First, eagle mortality data at permitted wind facilities will presumably now be collected by independent, third-party experts using standardized methods and reporting directly to USFWS. This will help to resolve the conflict-of-interest problem. Second, these data will be made available to the public. This change will greatly improve transparency and USFWS's access to accurate data on eagle mortality, which heretofore was a serious problem for wildlife managers.
That being said, there are still problems with the rule. For example, rather than allowing for public oversight once every 5 years, the new 30-year permit will — in most cases — limit public involvement to a single time at the beginning of the 30-year permit period. This is highly problematic and may be in violation of the National Environmental Policy Act (NEPA). ABC believes the public needs to fully understand USFWS decisions about individual permits and why they are made. Thirty years is a long time, and much can happen during that time that could change the conditions of the initial permit.
The rule is also voluntary. ABC is also concerned that this will result in few wind energy developers seeking permits. Developers were not seeking permits under the old, five-year rule9, so why should they seek permits under the new 30-year rule, especially since it involves increased regulatory and public scrutiny?
The fate of the migratory Eastern Golden Eagle population — which only consists of a few hundred individuals — is a major concern. USFWS claims they will not issue take permits for the declining Golden Eagle population without mitigation, but a recent review showed that only two types of mitigation are effective in reducing bird kill: siting away from high concentrations of birds and curtailment of the turbine blades2. USFWS says it cannot influence the former, and the latter is unpopular with wind energy companies because it cuts into their profits.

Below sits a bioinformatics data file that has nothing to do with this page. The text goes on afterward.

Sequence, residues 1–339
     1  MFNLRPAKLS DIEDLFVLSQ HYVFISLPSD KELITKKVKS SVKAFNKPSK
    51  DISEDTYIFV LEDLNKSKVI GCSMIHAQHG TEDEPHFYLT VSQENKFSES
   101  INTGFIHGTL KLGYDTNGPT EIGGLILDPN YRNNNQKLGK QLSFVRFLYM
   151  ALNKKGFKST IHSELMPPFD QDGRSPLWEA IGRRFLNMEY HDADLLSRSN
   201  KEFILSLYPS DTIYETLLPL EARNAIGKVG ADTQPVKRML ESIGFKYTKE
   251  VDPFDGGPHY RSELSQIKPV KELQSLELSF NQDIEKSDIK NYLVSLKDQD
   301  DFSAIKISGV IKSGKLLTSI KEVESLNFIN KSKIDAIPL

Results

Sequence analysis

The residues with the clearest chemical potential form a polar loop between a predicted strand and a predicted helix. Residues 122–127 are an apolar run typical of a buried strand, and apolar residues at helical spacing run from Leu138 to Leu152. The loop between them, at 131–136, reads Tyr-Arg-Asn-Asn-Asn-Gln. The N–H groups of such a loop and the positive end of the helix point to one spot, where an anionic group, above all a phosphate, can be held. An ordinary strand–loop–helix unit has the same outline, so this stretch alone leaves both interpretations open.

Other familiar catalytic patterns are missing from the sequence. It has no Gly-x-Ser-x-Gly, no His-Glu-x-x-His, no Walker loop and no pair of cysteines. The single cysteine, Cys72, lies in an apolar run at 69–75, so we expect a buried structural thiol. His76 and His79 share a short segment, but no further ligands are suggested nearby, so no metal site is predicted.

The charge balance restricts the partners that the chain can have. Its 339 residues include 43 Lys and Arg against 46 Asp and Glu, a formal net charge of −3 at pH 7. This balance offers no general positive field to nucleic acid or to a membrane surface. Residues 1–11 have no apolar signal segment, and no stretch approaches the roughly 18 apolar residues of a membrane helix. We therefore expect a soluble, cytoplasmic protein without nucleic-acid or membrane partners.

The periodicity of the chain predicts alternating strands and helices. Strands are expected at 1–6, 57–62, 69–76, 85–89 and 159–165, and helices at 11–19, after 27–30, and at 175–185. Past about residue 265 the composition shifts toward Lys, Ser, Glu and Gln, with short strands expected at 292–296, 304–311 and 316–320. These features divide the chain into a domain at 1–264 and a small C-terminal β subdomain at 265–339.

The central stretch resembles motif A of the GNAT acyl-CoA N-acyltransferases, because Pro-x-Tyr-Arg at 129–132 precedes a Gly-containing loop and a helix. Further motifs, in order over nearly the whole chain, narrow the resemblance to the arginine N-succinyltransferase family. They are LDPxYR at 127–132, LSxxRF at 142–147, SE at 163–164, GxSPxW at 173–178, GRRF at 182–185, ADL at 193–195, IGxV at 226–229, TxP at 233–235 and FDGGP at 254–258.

The Great Lakes are one of the worst possible places to be putting wind energy from the perspective of wildlife conservation. If any area in the United States and Canada should be avoided for wind energy development, it is the Great Lakes region, where we see one of the world's largest confluences of migratory birds and bats. The cumulative impact of the many existing and planned projects in the region could be substantial and cannot be evaluated on a case-by-case basis.
During spring and fall, these large freshwater lakes pose a significant obstacle to birds and bats during their annual migration to and from Canada's boreal forests, where they breed. At this time, vast numbers of birds and bats, many of which migrate at night, gather along the shorelines and eventually fly along or over the lakes.
Three recent advanced radar studies conducted by the USFWS in Michigan, Ohio, and New York3,10,15, have confirmed the danger that large-scale wind energy development would pose to migratory birds and bats in this region. Every study concluded that vast numbers of birds are found along the lakeshore during spring and fall migration, and that many are flying within the rotor-swept areas of commercial wind turbines. This puts them at considerable risk of injury or death.